Autogyros are in essence, a hybrid- half airplane, half helicopter. A basic autogyro consists of an airframe with a rotor mounted on top, and a propeller mounted either on the front or the rear of the aircraft. An engine powers only the propeller.
The theory to autogyro flight is relatively simple. The rotor is free-spinning. It only turns when the motion of the aircraft forces relative wind to auto-rotate the rotor. A conventional plane flies by moving the wings through the air creating lift. An autogyro uses forward motion through the air to spin a rotor, creating lift!
A pilot maneuvers an autogyro through the air by manipulating three controls- a stick (called the cyclic), rudder and throttle. The Cyclic control tilts the rotor in different directions, providing nose up and nose down control (pitch) and rotation on the longitudinal axis (roll). The rudder pedals provide control on the vertical axis (yaw). By manipulation of the rudder, the pilot can yaw the nose of the Autogyro to the left or to the right. The throttle controls the power setting of the engine. Most autogyros also have a clutch that can momentarily rotate the main rotor while on the ground.
Autogyros have several advantages. They have amazing take-off performance. A mere 50 feet of runway, field or road, and you’ll be flying! 15 feet of take off run are also not uncommon! Compared to fixed wing aircraft, they also have great low speed flight capabilities. They can fly at speeds as low as 15m.p.h, due to the fact that the surface that is providing lift is rotating and does not stall. An autogyro is also much simpler in design than a helicopter, meaning less cost to operate, maintenance, and a lowering of the number of components that can fail, resulting in greater reliability. Autogyros also operate at faster speeds than helicopters, especially considering that the faster helicopters are turbine powered, while autogyros are usually piston powered. A higher speed is achieved because in a helicopter, the rotor must provide both thrust and lift, while in an autogyro, the rotor only provides lift, thrust being accounted for by the propeller. In an autogyro, engine failure too is relatively simple. The aircraft will just descent slowly towards the ground.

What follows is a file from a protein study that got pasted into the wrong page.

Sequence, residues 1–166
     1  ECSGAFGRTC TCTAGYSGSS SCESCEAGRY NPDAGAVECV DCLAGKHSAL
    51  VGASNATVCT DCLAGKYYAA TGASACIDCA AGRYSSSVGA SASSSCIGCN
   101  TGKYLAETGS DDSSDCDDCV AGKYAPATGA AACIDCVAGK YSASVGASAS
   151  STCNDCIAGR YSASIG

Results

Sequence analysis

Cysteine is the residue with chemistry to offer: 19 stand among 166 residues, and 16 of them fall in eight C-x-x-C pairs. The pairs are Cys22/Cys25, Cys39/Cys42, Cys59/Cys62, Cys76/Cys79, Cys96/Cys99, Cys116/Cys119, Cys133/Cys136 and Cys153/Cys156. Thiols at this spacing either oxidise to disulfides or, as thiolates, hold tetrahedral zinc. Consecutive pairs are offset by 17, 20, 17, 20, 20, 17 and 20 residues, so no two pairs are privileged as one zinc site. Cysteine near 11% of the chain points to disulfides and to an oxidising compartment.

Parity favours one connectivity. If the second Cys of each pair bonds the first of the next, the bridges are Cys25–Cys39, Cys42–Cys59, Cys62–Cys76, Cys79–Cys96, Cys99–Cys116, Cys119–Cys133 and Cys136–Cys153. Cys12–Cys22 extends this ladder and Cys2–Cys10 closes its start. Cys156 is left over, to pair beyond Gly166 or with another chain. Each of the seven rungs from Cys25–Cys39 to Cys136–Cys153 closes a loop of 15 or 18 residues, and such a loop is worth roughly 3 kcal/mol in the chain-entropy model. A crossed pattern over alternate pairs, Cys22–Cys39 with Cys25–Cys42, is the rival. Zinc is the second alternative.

Now that all of that has been said, who was the mastermind that invented these amazing machines? It all goes down to basically one man, the Spaniard Juan de la Cierva. He first began work on the project in 1919, but the first autogyro didn’t fly until January 9th 1923. Although functional, Cierva’s designs still needed improvement. One notable effect, due to the rigidity of the rotor, was a strong gyroscopic effect. This would try to tilt the aircraft as soon as it tried to move. Throughout the next decades, other engineers continued to refine the design of the autogyro.